This data refers to the relationship between the employer and the employee in Spain, and is the minimum data that must appear on the payslip. It includes company and employee data.
Accruals refer to income. Both of a salary nature and non-wage nature.
Wage accruals in Spain are the amounts that it has to be paid to the employee as remuneration for his work, while non-wage accruals are those goods and services received from the company but which are not taxed as salary or restaurant vouchers.
The most common are as follows:
This is the minimum salary established in our collective agreement or in the employment contract.
This remuneration is fixed according to circumstances related to each employee: responsibilities, knowledge, languages, work performed, results for the benefit of the company, etc.
This item corresponds to the hours worked in excess of our working hours, regardless of whether they are voluntary or obligatory.
In Spain we have a minimum of 14 payments, divided into 12 monthly payments + two obligatory extra payments: one for Christmas and one for summer. The two extra payments can also be prorated in 12 payments (one each month).
Although it is difficult to monetize, it is the remuneration that the worker receives in goods or services and which forms part of his salary (it is taxed). It is completely optional on the part of the employee, who is not obliged to receive this type of benefit for his work unless it is reflected in the employee’s collective bargaining agreement.
In general, these payments are taxed.
Non-wage payments differ from wage payments in that they are not subject to personal income tax deductions and do not pay social security contributions. For example:
– Indemnifications or allowances. These are expenses that the worker has had to advance for the performance of a job.
Once the gross salary (sum of salary and non-wage payments) has been calculated, deductions must be subtracted, which are the worker’s contributions to Social Security (Contribution to common contingencies 4.70%, Unemployment 1.55% or 1.60% if the worker has a temporary contract, Training contribution 0.10%, Additional contribution for overtime 2%.
It is the advance that corresponds to contribute in the following year’s Income Tax Return. The IRPF withholding percentage is variable. In order to apply the corresponding rate, it is necessary to know the personal and family situation of the employee (it is reported with form 145) and the type of contract. The minimum to be withheld is 2% for temporary contracts.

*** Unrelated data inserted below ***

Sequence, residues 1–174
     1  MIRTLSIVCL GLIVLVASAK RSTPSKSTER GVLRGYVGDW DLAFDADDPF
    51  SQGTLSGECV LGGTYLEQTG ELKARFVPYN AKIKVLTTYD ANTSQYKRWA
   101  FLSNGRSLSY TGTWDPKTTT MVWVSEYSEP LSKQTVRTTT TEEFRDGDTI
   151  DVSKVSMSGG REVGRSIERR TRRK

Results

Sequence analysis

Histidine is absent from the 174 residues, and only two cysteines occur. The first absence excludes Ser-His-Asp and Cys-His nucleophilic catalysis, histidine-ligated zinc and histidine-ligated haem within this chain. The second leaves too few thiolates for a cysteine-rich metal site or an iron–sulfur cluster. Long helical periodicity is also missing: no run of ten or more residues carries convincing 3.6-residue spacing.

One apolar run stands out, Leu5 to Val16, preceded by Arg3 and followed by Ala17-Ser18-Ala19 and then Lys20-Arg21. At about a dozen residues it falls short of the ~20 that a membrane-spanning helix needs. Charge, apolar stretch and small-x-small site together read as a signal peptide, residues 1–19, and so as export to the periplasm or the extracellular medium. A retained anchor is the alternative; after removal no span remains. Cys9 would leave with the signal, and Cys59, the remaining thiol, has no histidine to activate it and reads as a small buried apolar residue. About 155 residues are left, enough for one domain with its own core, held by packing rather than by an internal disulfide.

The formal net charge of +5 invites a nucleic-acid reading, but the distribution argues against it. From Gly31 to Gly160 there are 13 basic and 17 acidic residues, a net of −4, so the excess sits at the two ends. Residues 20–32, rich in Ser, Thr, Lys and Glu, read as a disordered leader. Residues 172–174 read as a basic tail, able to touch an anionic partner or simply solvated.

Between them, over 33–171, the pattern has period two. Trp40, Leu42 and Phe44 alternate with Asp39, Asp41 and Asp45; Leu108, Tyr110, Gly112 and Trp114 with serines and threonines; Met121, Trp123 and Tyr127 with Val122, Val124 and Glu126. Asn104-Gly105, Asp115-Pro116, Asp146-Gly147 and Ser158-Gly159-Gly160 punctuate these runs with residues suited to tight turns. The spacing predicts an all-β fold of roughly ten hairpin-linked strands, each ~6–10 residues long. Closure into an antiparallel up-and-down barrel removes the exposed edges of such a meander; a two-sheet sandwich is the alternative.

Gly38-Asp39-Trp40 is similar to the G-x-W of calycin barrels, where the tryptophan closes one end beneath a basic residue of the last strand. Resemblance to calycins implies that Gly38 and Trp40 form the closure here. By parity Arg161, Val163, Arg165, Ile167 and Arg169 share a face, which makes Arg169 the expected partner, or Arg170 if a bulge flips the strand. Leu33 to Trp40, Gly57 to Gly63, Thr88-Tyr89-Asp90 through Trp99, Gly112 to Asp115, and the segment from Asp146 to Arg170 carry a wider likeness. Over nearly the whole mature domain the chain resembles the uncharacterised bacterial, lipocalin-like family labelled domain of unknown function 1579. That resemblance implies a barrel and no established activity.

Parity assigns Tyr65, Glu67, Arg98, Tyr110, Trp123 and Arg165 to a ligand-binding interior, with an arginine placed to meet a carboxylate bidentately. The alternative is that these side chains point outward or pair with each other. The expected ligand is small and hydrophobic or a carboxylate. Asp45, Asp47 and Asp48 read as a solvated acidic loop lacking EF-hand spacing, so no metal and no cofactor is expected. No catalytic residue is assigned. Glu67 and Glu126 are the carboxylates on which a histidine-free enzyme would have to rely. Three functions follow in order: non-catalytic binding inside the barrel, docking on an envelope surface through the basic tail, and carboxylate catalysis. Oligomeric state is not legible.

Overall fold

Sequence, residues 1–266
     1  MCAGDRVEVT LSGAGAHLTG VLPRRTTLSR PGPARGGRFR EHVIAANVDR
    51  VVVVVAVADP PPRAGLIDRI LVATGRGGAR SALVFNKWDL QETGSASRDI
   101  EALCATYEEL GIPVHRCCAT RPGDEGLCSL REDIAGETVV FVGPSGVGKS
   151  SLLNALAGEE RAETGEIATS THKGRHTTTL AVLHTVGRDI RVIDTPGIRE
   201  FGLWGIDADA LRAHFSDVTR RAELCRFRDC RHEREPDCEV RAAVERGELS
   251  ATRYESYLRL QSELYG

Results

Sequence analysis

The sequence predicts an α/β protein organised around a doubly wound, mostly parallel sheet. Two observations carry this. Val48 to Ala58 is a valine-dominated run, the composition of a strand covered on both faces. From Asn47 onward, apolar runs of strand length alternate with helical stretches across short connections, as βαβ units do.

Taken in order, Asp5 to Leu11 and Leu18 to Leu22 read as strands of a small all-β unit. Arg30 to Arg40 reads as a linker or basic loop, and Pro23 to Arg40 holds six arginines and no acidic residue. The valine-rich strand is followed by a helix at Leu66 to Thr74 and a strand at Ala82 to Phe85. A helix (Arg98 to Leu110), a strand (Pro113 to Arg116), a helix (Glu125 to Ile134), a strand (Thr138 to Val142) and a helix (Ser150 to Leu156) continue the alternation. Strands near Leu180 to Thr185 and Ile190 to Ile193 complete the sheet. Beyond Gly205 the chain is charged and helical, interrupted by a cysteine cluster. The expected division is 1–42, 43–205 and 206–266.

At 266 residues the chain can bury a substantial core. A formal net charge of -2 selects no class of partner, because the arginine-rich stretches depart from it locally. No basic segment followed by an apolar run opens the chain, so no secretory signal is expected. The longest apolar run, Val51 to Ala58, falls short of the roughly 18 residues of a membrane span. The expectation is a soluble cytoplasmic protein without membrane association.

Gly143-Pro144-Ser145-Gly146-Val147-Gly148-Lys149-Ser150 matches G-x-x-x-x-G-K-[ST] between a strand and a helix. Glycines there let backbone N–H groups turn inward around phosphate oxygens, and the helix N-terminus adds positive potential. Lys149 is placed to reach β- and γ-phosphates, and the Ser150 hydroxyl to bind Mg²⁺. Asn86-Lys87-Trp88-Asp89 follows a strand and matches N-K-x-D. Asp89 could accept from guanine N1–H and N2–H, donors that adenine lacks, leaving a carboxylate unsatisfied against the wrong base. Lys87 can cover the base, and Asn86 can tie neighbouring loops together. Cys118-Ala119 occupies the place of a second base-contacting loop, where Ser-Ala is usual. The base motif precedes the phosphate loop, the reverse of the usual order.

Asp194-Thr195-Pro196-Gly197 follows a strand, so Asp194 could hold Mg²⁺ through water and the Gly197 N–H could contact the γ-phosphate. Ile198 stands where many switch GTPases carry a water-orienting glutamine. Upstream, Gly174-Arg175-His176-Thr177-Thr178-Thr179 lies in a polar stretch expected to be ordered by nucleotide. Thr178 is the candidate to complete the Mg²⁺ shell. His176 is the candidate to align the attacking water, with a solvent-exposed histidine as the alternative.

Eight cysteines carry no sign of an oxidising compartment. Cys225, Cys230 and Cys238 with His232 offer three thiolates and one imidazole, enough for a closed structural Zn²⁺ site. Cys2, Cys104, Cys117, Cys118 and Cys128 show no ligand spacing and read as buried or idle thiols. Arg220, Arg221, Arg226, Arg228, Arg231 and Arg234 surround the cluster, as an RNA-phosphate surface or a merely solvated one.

Contribution for common contingencies: 23.60%. These contributions are intended to cover temporary or permanent incapacity due to common illness, maternity, paternity, retirement and non-occupational accidents.
Unemployment: This is the amount paid to cover unemployment. The employer pays a contribution of 5.50% (indefinite-term contracts, part-time indefinite-term contracts and permanent discontinuous contracts…), and 6.70% in temporary contracts for the company (full or part-time fixed-term contracts).
Professional training: The company pays a 0.60% contribution.
Wage Guarantee Fund (FOGASA): 0.20%. This is a collection intended to guarantee part of the wages and indemnities in the event of insolvency, insolvency proceedings or bankruptcy of the company.
Contribution for occupational accidents and diseases: The percentage depends on the contribution tables for each activity and can range from 1.50% for personnel working exclusively in offices, 1.85% in retail trade, 3.60% in cleaning and security activities, and 6.70% in high-risk activities like construction.
Additional contribution for overtime: overtime work due to force majeure is subject to a 12% contribution payable by the company.
The amount that the employee will receive as salary is shown in the net salary section. It is the action of subtracting the accruals minus the deductions, to obtain the salary.
The payroll is completed with a section for the place of issue, signature and stamp of the company and the employee. The payroll certifies the payment of salary, therefore, it must be signed by both parties. The signature of the worker is not necessary, if the payment is made through the deposit of the salary through a bank account.
This is the part of the payroll in which the employer must indicate the total amount of his Social Security contribution.
With respect to the maximum bases for 2022, they are set at €4,139.40 per month or €137.98 per day and in no case may they be less than €1,166.70 per month.
The extra payments do not pay contributions, but they have the IRPF withholding. In reality, it does not mean that they do not pay contributions, but that they have already been paying contributions for them every month in the case that they are prorated monthly, this is the reason why the amount does not appear in the P.P EXTRA contribution box.
In the case that these are not prorated, they contribute and the amount would appear in the box for these contributions.